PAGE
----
Witnesses to a Poor Christ
A community of brothers in India bears witness through humble service.
text and photographs by Sean Sprague
Christ was a rich man who became poor, said Brother Louis, Superior General of the Malabar Missionary Brothers. St. Francis remained a brother, although the pope asked him to become a priest. Money and prestige, as well as holy ambition, are a temptation for many who become priests. Sometimes this becomes a danger, so we gladly remain brothers to be better witnesses of a poor Christ.
This answered my impertinent question, Why be a brother when you could be a priest?, posed during a recent visit to the Malabar Missionary Brothers at their center in Trichur, Kerala.
These religious brothers of the Syro-Malabar Catholic Church, who take vows of chastity, poverty and obedience, number more than 200 and devote themselves to evangelization and serving the poor. Founded in 1948, the Malabar Missionary Brothers adopted the spirituality and lifestyle of St. Francis of Assisi and his followers while absorbing a missionary spirit from St. Thérèse of Lisieux. Today, the community administers 18 houses in India, 12 of which are in Kerala and 6 in the northern Indian states of Madhya Pradesh and Uttar Pradesh.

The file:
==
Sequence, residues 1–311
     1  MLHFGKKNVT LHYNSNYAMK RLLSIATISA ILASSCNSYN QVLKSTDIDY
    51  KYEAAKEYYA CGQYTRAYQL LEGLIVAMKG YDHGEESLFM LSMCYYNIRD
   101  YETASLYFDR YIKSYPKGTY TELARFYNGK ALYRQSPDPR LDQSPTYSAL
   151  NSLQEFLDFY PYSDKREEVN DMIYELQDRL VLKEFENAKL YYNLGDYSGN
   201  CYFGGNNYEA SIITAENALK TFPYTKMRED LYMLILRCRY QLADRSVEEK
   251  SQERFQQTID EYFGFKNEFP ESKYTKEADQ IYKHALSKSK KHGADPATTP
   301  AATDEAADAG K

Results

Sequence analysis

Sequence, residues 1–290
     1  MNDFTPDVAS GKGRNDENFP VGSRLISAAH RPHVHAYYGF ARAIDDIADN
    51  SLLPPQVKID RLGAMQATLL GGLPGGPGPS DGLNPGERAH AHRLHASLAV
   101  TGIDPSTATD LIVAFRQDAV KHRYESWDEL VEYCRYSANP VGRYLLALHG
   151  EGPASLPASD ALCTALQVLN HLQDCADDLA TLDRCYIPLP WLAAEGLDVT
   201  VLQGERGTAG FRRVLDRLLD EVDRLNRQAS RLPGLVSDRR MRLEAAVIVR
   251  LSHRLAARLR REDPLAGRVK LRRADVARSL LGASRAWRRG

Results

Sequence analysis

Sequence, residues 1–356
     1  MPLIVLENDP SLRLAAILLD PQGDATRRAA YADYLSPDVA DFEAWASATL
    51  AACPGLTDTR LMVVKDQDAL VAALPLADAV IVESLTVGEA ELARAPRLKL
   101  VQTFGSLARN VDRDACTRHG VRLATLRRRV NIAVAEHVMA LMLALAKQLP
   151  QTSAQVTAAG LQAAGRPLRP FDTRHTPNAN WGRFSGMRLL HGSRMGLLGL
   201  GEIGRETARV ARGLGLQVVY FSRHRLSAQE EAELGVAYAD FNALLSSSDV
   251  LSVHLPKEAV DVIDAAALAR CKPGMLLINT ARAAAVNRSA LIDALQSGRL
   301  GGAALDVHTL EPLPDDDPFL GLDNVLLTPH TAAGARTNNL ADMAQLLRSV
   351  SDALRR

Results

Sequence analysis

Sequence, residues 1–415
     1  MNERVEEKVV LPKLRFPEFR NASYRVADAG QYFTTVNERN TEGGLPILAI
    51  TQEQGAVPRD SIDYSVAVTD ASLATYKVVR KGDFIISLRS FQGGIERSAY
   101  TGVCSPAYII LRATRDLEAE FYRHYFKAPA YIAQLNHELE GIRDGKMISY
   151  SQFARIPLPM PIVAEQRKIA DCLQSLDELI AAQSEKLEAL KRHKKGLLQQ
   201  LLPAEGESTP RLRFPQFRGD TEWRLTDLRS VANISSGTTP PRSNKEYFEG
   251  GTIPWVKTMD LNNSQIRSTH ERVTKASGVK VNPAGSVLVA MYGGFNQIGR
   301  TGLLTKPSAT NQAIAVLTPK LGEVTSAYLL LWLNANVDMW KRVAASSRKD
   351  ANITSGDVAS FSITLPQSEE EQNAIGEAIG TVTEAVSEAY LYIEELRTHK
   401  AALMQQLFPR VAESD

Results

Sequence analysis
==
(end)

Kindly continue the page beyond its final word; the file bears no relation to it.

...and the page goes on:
An intelligent, soft-spoken man, Brother Louis explained that by following in the footsteps of St. Francis, our congregation, right from the beginning, placed a stress on charitable services. Our field of activities embraces the least brethren and tries to help them in the various neglected areas of life.
The community operates a home for elderly men, various orphanages, a school for mentally handicapped children, a health care ministry, a hospital, a number of dispensaries, prison ministries for juvenile criminals and technical education centers for underprivileged boys and girls.
The House of Providence at Irinjalakuda, Kerala, houses some 70 men aged 60 to 95. The only requirement for admittance is that they be over 60 and poor; they can be of any religious background. Most of the patients at the House of Providence are ill, and nine brothers take care of all their needs, including nursing, cleaning, cooking and bathing. A few brothers are trained in geriatric nursing, and their duties rotate according to their talents. Varghese, who is 73, is one resident of the house; he has lived there for two years. Unmarried, Varghese explained that he had no one to look after him as he got older. Now he feels safe and cared for; he is very satisfied with his new home.
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Tags: Poor/Poverty Syro-Malabar Catholic Church